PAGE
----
Category Archives: Millennial Culture

What I Learned From Buying a House…at 22 (Part II)

Last week I chronicled the adventures of my husband and I in becoming homeowners at 22 and 23. We sometimes pretend to be adults.

In wrote in my last post what we learned about holding a dream in an open hand, becoming kings and queens of DIY house renovation, and the importance of acknowledging the sacredness of space. But something else intrinsically happens when you take on the responsibility of a mailbox and a mortgage.

Ownership teaches stewardship

When I see dishes piled high in the sink, I get a sudden nostalgia for my old college apartment. Because chaos, there, was the norm. We were renters, and lived in our space with an air of casual transience. And as a result, we neglected the dishes, never bothered with deep-cleaning, and valued comfort over cleanliness.

But in “The Gingerbread House,” I know that if I don’t clean the cracks, no one will. I suddenly care about order and aesthetics because home is a becoming a clearer concept. I have literally undergone a personality change in terms of chores and domestic duties because of this house. Where before I was irresponsible and messy, ownership has made me a better steward; because we have poured so much hard work into this house, we care about its upkeep. I have also begun to understand the endless tasks such as dishes, cleaning, and laundry as carrying liturgical significance. It doesn’t always feel very significant, but routine chores remind me of a God who is just as constantly renewing and sustaining the world with His daily grace.

At the same time, our flawed home has taught us not to get too attached to “stuff”

Buying a home was a big adjustment for both Zach and I, as we’re both free spirits who hesitate to put down roots. We also plan on living here for only a few years, and don’t know what will come next. This awareness of the temporary paired with our will to save financially has made us very intentional about the purchases we make for our home. When you’re renovating a home that hasn’t been updated in 60 years, it’s tempting to go to Lowe’s or flip through a design magazine and convince yourself you need the very best. But we don’t.

The advantage of living in a quirky old house with flaws is peace of mind. Because our furniture is mostly from thrift stores, we don’t get up tight about scratches on the wood. Because we don’t plan on having a family and retiring in this house, we don’t feel the need to update every appliance to its shiniest new edition. We learn to be content, and to not let our “things” be the cause of our worries.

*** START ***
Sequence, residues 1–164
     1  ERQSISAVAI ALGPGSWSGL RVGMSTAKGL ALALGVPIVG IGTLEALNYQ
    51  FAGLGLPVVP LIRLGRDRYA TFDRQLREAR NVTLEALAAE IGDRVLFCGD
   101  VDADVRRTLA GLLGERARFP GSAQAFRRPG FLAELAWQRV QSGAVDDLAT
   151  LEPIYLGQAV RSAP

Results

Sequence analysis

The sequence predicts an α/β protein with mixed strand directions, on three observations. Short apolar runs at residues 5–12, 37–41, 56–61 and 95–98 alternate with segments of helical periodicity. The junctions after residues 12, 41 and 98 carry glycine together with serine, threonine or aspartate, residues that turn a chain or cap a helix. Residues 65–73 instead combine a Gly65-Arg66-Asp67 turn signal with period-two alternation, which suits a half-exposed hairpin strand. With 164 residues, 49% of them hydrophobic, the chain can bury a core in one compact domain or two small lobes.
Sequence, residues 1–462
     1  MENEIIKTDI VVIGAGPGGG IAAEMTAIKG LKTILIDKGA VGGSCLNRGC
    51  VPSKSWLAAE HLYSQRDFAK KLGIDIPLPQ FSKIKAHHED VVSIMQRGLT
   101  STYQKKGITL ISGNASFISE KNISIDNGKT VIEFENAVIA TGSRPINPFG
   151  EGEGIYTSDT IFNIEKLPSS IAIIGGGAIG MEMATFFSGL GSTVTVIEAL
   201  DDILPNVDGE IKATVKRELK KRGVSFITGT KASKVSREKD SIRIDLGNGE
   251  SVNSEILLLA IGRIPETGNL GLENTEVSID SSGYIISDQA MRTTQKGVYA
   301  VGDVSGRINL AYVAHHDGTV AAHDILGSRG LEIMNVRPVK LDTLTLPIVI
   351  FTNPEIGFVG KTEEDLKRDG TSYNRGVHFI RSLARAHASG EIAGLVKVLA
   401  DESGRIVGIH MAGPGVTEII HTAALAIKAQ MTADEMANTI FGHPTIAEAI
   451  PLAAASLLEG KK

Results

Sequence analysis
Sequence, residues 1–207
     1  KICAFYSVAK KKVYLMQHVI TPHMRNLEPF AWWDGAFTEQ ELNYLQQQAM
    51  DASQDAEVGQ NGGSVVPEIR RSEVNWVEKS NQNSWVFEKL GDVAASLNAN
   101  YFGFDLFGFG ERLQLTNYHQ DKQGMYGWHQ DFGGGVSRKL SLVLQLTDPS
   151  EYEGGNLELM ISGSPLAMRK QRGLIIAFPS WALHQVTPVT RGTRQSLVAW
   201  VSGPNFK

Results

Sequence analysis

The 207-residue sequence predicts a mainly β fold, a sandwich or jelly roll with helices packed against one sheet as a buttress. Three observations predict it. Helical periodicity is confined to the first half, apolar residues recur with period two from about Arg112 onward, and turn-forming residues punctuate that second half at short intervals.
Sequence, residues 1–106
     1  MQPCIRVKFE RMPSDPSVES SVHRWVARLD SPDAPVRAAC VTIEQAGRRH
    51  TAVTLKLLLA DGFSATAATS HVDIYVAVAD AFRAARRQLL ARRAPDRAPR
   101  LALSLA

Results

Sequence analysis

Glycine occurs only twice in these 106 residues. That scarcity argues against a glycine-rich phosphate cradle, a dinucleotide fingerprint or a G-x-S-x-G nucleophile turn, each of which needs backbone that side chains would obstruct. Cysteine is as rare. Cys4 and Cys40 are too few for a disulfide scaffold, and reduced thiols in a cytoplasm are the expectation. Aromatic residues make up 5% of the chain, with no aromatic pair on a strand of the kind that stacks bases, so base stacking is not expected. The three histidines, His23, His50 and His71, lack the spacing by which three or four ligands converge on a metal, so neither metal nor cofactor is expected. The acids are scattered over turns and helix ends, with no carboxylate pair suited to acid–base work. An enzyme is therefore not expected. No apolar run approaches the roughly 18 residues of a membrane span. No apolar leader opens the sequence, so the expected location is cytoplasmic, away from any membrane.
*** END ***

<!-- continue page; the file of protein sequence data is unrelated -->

Have you noticed any difference in attitude, habits, because of where you live in a house or a rented space?

How Do We Dialogue With Grace?

This is a question ever on the minds of many bloggers. The Internet has created many unique social dynamics, including the ability to leave an accusing comment with anonymity, the waves of backlash to a ministry leader’s latest trip-up, or the diatribes that spark online conflict which would never occur face-to-face.

Does it really credit anyone’s maturity to volley blame back and forth across the blogosphere? Is it really the best way for the church to embody Christ’s love and unity, which He said is how the world will recognize us…”by our love”?

I appreciated these perspectives this month on these issues and hope we can learn from them:

Earlier this month, Nish at The Outdoor Wife posted a series on Hot Topics and Haters: A How-To Guide, and I sincerely hope you’ll take the time to read her posts, which are practical, balanced and grace-rich.

In Part II, she writes,

Aggressive tone and a lack of appreciation for opposing views will do one of two things: Divide your readers, or keep them from sharing. Neither option is good for promoting healthy dialogue.” 

Also: “Approach your writing with the possibility that someone could actually change your mind about something.  Understanding that someone on the opposite side of the aisle could make a valid argument against you does wonders for your word choice, tone, imagery, and structure.”

Shawn Smucker wrote this week on the phenomenon of backlash against the silly Christian celebrity, and asks the million dollar question: “Why do we so willingly provide PR for people we disagree with?” 

Intended Result – To prove, with our superior logic or higher level of morality or more graceful approach to life that this person is a complete idiot and what they said was ridiculous.